[Isaac] went out to the field one evening to meditate, and as he looked up, he saw camels approaching. Rebekah also looked up and saw Isaac.Genesis 24:63-64 (NIV)
It’s like a scene from a classic Hollywood movie. A restless young man, exhausted from a day’s work, stares across the desert at dusk. He sees a group of people on camels make their way toward his camp. A certain young woman catches his eye.
An ideal promise
When Isaac sees Rebekah, can we imagine what he’s thinking? After all, it’s no secret that Isaac’s father has been playing matchmaker. Abraham seeks a wife for his son. Abraham even sent a faithful servant to the distant town of his relatives. If the servant can find a willing wife for Isaac, they’ll be returning anytime. Isaac half-expects to see her every time he looks up.
Abraham is vigilant about following God’s will for his son Issac.
For Isaac, it’s an exhilarating, if awkward, situation. He lives in a remote region and is kept apart from the local population. His father once compromised on God’s plan with disastrous results. After the mistake of Ishmael, Abraham is vigilant about following God’s will for his son Issac. After all, God has promised that a holy nation will come from the line of Abraham.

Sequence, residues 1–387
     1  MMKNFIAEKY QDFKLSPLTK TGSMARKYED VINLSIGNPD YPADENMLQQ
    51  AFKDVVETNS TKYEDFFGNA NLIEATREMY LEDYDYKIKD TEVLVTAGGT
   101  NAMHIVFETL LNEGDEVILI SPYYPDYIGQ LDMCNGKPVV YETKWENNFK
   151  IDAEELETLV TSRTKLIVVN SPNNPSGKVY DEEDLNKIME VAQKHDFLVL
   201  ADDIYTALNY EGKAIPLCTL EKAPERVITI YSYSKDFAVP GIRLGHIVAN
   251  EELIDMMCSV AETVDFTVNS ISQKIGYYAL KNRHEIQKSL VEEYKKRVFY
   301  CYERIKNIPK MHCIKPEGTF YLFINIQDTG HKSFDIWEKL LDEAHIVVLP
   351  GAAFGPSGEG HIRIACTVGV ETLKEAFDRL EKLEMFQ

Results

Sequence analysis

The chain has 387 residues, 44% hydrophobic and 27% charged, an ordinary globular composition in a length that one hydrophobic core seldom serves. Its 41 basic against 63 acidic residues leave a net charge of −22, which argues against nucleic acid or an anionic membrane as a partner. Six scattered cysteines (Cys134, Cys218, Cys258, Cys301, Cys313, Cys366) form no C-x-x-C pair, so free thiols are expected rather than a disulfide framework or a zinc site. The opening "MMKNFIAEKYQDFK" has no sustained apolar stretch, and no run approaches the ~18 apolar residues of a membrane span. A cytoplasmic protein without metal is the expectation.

Isaac isn’t thinking about any of this. He’s a young man with little experience. Has he ever been on a date? What does Isaac imagine he’ll find when his future wife appears? Likely what most of us look for in marriage, our relationship ideal.
Rebekah is the granddaughter of Abraham’s brother. Her selfless behavior before Abraham’s servant indicates she is intended for Isaac. Given the adventurous choice to go to Abraham’s land, Rebekah says yes. Soon, Isaac and Rebekah are face to face. They have never seen each other before. Arranged marriage was accepted in those times, and yet, it must not have been any easier at the start.
At this very moment, had Isaac been granted a vision decades into the future, what would he have done? If Isaac could see where their marriage would head, would he go through with it? Would he instead return to his tent and leave Rebekah standing there? Would Isaac dismiss Rebekah’s youthful beauty and focus on the bad times to come? If Rebekah had this same foresight, would she agree to marry? Their relationship would take a contentious turn.
Their relationship would take a contentious turn.